'This Was Our Miracle'

Two teenagers are resting after a terrifying ordeal at sea. Troy Driscoll, 15, and his 17-year-old friend Josh Long were adrift in their small sailboat for six days without food or drinking water. They were finally rescued by a fishing boat Saturday, more than 100 miles away from where they set sail off South Carolina.

Both teens were badly sunburned, dehydrated, and totally exhausted.

Speaking from his hospital bed, Driscoll told reporter Mike Hughes of CBS affiliate WCSC TV in Charleston, S.C., "I was OK for the first night and the second night, but after the second night, I thought we were not going to make it, because I thought the Coast Guard was going to get us real soon, but no one was there."

"Basically, I thought I would never see my family again," Long told Hughes, also from his hospital bed. "I just prayed every day that God would send me home or take me to heaven."

Long, 17, and his best friend and sea mate, 15-year-old Driscoll, each say it didn't take very much time to realize their afternoon fishing trip would turn into a fearful adventure.

"As soon as we got in the riptide, we knew we were in trouble," Long says.

The boys found themselves lost at sea, floating helplessly, surviving only on small sea creatures they found in the salty waters. Both boys credit God and each other for the strength to endure.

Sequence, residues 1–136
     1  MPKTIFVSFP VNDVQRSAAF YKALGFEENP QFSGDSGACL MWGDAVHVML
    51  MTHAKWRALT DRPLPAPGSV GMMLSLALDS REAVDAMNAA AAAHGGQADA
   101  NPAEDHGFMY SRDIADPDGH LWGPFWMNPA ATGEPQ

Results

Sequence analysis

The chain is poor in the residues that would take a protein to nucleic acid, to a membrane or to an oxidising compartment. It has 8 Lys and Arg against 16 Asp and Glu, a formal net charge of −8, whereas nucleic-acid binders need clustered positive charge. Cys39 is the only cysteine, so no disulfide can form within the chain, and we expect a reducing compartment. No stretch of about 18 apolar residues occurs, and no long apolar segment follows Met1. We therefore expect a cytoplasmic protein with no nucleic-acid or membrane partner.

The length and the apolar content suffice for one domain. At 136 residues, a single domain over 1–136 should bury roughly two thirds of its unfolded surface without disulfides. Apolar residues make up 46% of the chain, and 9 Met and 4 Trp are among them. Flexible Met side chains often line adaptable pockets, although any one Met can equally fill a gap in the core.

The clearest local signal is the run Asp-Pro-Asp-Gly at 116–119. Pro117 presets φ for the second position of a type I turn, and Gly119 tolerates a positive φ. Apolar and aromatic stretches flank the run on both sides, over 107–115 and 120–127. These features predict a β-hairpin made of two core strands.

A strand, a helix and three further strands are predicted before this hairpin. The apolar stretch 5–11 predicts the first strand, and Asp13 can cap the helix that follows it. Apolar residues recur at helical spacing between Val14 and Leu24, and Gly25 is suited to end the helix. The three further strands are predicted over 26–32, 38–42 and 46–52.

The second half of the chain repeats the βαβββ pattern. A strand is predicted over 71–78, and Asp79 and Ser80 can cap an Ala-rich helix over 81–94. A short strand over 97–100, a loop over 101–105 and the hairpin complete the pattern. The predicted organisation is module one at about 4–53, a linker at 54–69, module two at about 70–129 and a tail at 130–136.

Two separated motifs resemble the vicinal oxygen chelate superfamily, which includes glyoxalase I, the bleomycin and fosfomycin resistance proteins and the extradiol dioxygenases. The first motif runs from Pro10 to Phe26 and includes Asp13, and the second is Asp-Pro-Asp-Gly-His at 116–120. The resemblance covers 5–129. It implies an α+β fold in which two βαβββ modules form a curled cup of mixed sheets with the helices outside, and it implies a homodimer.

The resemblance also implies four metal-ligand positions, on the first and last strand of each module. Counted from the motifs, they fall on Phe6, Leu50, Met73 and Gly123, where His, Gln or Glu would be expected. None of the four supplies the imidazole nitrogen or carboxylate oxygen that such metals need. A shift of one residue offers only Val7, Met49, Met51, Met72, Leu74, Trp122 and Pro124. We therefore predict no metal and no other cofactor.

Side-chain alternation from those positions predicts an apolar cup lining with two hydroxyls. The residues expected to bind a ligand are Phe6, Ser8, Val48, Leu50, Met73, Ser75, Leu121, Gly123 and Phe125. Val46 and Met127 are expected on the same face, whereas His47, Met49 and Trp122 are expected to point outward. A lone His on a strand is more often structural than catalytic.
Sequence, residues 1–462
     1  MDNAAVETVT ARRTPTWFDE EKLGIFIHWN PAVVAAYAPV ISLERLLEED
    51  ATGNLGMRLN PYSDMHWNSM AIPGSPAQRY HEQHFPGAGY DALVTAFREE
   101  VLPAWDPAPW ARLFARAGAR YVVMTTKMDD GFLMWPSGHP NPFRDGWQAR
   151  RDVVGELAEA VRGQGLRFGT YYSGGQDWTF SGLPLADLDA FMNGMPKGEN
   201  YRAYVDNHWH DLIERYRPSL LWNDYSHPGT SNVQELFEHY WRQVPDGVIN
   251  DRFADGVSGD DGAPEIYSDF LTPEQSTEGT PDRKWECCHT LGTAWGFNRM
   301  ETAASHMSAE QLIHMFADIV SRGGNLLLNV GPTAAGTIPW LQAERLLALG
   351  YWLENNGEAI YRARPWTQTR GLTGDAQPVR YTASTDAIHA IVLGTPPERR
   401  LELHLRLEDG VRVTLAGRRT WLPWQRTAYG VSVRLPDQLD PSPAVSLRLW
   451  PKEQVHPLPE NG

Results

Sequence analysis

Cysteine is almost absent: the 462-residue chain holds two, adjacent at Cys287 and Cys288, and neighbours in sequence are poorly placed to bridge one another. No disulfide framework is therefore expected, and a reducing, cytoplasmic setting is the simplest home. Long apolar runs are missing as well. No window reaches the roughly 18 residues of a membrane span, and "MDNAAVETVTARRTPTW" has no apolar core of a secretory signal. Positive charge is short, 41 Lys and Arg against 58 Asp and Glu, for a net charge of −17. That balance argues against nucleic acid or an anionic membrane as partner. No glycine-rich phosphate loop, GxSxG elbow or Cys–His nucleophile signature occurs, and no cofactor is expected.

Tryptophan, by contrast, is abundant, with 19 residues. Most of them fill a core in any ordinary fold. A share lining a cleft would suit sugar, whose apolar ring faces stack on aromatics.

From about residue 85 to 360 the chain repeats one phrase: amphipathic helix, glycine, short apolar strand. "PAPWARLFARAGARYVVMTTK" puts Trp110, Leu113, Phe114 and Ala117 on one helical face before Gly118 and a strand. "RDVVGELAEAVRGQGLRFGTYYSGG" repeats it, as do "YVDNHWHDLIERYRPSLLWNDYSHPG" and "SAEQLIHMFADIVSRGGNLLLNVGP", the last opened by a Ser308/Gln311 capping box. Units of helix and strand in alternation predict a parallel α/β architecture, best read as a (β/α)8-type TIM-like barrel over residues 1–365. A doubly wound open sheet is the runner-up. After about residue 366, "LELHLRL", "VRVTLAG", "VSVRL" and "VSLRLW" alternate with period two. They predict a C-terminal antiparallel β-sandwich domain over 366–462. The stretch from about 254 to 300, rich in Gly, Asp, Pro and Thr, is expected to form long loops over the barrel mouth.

"It was a miracle," Driscoll says, "and, Josh, if it wasn't for him and our teamwork together, we never argued, we just encouraged each other on making it."

As far as getting back in the water some time soon, "I lost every bit of gear I had. But as soon as I get my gear, I'm going back in the water. Making sure I have two motors this time in the boat," Long smiled.

Both boys are in relatively good spirits after their ordeal and rescue, Hughes says, adding, "Remarkably, doctors say, both should make a full and complete recovery in just a few weeks."

On The Early Show Monday, Long told co-anchor Julie Chen, "I'm doing a lot better now that I'm home. It was bad out there, but I'm glad to be back with my family."

And Troy? "Troy is resting at this time right now," Troy's father, Tony Driscoll, told Chen. "He's had a lot of trauma. …He's just resting right now, trying to recovery from the long journey the boys had."

How did the two make it, Chen asked Josh.

"By God's hand," Josh responded. "We just prayed every day. Prayed for our families, prayed for our lives. Prayed to get home. And God answered us.

"I knew that there was some reason God was keeping us in that boat for. I knew he wouldn't let us suffer."

Eddie Long says, "For the entire week, we were unsure of what happened. No clues popped up. I mean, we couldn't find the wetsuits. We knew there were things that would float, even if the boat broke apart, it would still float. So no clues came up, so we hung onto hope and prayed that there would be a miracle that these boys could come back.

"The officials were trying to tell us to expect for bodies to float up between seven and ten days. But we knew we were shooting for a miracle. This is our miracle."
  • Brian Dakss

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